Charles Frederick Worth, a great French couturier of British origin in the 19th century, is known for having founded in 1858 the first fashion house, the House of Worth. A look back at the history of the founding father of Parisian haute-couture.
Charles Frederick Worth was born on October 13, 1825, into a modest family in England, living in the town of Bourne. He took his first steps into the world of fashion as an apprentice to two London textile merchants, and this experience allowed him to acquire a lot of knowledge about the world of couture.
The young man discovered a passion for the world of fashion during his visits to the National Gallery, where he developed a fascination for portraits of royalty, and particularly for the majestic gowns of another era, worn by the women of the upper-middle class. These antique fabrics gave birth to the first sketches of what would shape Charles Frederick Worth‘s revolutionary aesthetic, and of this in-between, between avant-garde and forward-looking vision of the art of sewing and an aesthetic borrowed from the past.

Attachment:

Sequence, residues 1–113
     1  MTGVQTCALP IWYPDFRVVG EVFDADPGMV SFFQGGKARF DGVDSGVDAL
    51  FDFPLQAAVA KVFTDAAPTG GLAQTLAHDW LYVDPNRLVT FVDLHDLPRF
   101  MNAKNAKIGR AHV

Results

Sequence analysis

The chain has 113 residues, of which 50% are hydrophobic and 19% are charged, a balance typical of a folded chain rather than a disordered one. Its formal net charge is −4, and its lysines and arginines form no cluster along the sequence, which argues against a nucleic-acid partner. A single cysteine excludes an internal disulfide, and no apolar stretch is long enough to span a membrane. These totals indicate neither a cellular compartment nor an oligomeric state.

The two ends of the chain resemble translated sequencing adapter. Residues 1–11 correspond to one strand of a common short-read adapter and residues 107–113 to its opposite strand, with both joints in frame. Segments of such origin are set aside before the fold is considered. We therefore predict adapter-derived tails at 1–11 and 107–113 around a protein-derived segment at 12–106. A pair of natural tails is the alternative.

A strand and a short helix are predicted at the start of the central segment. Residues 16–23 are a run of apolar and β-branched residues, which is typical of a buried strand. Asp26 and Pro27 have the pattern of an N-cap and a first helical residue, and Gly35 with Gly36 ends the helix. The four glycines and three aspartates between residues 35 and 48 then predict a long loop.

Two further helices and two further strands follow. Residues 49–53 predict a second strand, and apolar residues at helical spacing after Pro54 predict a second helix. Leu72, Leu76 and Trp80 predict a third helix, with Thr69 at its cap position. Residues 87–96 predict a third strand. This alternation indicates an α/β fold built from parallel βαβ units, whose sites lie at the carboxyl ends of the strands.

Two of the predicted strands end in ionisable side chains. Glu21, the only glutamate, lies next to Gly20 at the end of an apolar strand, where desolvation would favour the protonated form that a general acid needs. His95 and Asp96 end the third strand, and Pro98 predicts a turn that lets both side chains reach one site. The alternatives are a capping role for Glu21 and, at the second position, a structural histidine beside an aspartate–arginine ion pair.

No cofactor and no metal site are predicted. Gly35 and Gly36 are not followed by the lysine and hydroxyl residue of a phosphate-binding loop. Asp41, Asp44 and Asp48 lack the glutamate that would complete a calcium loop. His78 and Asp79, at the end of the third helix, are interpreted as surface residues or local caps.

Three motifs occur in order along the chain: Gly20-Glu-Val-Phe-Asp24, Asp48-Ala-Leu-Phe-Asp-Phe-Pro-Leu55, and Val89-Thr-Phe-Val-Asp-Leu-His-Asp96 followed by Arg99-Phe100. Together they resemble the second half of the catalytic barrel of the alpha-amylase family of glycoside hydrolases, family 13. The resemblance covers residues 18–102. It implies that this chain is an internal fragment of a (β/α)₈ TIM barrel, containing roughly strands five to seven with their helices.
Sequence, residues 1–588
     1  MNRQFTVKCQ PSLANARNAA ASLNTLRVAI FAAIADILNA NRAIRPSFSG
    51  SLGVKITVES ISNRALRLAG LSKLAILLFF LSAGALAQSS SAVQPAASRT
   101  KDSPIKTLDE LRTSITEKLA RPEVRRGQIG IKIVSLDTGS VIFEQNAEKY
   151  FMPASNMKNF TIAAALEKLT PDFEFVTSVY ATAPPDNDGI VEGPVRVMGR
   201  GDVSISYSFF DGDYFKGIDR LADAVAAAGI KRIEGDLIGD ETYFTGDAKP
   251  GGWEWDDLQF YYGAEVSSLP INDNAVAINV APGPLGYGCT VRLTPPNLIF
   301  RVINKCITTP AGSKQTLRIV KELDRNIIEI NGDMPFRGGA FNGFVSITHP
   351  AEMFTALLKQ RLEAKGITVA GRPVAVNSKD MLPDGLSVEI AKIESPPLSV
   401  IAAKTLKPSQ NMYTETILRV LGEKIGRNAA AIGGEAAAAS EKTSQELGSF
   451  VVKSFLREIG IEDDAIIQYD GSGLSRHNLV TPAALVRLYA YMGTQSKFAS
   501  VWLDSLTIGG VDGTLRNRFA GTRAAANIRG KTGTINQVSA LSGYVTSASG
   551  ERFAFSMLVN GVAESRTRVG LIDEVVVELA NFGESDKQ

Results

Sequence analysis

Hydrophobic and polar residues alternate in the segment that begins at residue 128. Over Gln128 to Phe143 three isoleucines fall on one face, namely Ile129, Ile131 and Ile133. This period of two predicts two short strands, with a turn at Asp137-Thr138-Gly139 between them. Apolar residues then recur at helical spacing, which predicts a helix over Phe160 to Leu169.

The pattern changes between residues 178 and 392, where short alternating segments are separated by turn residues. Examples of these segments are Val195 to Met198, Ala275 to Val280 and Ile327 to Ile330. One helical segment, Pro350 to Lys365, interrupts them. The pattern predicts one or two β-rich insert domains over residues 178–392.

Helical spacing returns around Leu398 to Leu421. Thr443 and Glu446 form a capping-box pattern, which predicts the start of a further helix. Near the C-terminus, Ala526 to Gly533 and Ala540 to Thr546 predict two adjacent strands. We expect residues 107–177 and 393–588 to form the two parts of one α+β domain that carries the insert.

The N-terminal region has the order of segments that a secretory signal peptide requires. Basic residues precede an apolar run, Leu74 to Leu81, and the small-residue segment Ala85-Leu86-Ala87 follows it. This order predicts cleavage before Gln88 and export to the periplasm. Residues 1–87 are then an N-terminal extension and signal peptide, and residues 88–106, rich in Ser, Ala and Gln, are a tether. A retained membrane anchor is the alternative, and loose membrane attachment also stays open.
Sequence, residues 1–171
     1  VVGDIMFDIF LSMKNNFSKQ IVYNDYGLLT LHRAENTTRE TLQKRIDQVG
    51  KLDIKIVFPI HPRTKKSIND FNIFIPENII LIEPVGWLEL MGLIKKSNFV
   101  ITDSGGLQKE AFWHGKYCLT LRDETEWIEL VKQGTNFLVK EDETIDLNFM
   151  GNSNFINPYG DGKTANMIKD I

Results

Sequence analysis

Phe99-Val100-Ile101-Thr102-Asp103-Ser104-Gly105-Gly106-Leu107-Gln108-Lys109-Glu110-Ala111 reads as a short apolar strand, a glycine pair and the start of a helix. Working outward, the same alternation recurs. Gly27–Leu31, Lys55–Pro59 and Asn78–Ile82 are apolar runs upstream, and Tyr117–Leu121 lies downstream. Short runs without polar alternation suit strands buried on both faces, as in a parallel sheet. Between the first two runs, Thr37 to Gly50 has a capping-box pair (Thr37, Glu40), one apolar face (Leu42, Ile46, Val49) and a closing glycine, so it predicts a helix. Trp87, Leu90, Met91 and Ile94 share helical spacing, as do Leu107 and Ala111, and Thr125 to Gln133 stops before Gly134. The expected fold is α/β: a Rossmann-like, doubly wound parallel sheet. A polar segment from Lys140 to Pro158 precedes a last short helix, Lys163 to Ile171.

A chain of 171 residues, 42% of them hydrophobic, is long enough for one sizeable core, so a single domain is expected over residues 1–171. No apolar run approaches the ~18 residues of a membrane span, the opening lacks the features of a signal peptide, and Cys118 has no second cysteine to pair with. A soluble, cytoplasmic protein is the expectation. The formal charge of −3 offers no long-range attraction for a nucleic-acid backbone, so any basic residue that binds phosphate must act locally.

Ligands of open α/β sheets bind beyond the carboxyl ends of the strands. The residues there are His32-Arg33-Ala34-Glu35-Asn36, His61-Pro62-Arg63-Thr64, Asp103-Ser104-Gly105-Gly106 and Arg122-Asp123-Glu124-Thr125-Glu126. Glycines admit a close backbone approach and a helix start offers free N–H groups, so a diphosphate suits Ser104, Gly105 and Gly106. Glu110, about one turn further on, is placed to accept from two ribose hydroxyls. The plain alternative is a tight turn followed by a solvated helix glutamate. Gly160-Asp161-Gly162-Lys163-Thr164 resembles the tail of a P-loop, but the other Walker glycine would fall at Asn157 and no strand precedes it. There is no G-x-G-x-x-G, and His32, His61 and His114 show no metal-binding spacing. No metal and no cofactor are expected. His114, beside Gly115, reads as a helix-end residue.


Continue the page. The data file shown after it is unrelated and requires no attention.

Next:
In 1845, at the age of 20, Charles Frederick Worth moved to Paris and landed a job with Gagelin, a major textile, and ready-to-wear company. At first a simple salesman, Worth climbed the company’s ladder thanks to his efficiency and seriousness, until he was assigned the management of the couture division. This was his first step into professional sewing, a position that allowed him to express his creativity in the service of his art.
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